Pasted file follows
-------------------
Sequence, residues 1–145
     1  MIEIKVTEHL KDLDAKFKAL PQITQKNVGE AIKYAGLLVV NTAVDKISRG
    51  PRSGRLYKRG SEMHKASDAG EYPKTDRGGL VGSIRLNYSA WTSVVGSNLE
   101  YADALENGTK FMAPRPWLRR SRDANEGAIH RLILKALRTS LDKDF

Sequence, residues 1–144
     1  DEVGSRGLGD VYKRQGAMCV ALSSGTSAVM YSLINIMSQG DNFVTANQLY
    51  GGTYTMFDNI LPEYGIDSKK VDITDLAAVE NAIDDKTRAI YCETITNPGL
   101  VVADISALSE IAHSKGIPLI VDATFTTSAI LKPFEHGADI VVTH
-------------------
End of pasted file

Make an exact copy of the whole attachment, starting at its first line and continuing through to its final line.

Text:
Sequence, residues 1–145
     1  MIEIKVTEHL KDLDAKFKAL PQITQKNVGE AIKYAGLLVV NTAVDKISRG
    51  PRSGRLYKRG SEMHKASDAG EYPKTDRGGL VGSIRLNYSA WTSVVGSNLE
   101  YADALENGTK FMAPRPWLRR SRDANEGAIH RLILKALRTS LDKDF

Sequence, residues 1–144
     1  DEVGSRGLGD VYKRQGAMCV ALSSGTSAVM YSLINIMSQG DNFVTANQLY
    51  GGTYTMFDNI LPEYGIDSKK VDITDLAAVE NAIDDKTRAI YCETITNPGL
   101  VVADISALSE IAHSKGIPLI VDATFTTSAI LKPFEHGADI VVTH